The suggestions follow a review of the safety of the authority’s residential blocks, which took place in December 2017 following that summer’s Grenfell fire in London.
The report outlines work that has taken place since, adding that the council’s housing management service, Housing Leeds, had improved communication between itself and residents.
It stated: “Immediately following the Grenfell fire, Housing Leeds held engagement sessions at all Leeds City Council owned high rise blocks across the city to outline what the council was doing to ensure resident safety and to respond to resident concerns.
“It was clear from these sessions that many residents were not aware of much of the activity undertaken by the Council to manage high rise or of service standards linked to activities. A key priority during 2018 has been to improve the way that we share information and engage with all residents living in high rise.”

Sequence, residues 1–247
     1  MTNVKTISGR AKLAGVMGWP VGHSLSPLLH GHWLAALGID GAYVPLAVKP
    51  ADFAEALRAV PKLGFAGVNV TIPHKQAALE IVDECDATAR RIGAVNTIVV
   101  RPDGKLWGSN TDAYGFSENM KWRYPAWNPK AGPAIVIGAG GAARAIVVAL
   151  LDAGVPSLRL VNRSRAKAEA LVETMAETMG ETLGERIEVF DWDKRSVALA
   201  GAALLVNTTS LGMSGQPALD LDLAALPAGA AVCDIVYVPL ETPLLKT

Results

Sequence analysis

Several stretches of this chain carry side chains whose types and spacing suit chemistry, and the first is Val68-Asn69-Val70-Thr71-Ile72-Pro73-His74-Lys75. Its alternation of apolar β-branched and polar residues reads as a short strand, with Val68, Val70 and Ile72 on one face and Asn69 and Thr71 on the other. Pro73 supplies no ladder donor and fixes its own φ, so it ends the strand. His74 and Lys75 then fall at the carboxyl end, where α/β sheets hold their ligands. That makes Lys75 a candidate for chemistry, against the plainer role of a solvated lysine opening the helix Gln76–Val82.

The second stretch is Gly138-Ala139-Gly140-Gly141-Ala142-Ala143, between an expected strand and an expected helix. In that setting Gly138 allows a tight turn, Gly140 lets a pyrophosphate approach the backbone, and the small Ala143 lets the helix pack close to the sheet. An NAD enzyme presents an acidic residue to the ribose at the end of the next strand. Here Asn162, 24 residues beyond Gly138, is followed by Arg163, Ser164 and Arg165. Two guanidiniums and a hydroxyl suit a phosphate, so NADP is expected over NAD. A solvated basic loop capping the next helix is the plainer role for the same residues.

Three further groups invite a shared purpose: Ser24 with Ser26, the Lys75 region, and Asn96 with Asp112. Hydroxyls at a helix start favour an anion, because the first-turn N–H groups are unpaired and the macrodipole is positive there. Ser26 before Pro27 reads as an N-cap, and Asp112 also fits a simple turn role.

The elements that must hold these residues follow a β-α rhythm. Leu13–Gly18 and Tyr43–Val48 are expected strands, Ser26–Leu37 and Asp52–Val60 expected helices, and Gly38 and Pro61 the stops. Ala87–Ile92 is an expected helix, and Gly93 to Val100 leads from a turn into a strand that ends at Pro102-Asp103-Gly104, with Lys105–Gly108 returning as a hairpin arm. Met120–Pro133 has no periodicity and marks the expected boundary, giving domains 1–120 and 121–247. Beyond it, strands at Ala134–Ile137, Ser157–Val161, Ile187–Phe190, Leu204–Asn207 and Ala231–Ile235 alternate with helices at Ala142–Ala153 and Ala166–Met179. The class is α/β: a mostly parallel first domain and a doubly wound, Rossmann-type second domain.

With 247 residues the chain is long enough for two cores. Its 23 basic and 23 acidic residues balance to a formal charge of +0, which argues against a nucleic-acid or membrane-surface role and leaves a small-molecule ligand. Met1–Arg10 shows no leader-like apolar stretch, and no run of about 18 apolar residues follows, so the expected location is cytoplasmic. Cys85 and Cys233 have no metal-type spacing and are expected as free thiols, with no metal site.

It added that the council was looking at a “block champion” approach, meaning each block would have one resident who could help communicate information and concerns between the council and the block tenants.
The report also said the council’s housing service, Housing Leeds, was currently fitting sprinklers in tower blocks.
It said: “Housing Leeds had already prepared a programme to retrospectively fit sprinklers to eight multi-storey high rise sheltered blocks.
“To expand this initiative to a number of higher risk general needs blocks, £10m has been made available from the capital programme to fund further sprinkler installations. This is progressing well to programme with the work being undertaken by Leeds Building Agency.
“Good resident engagement with residents in the blocks has led to high access rates and very positive customer satisfaction.”
The report will be discussed by members of the council’s environment, housing and communities scrutiny board on Wednesday, October 3.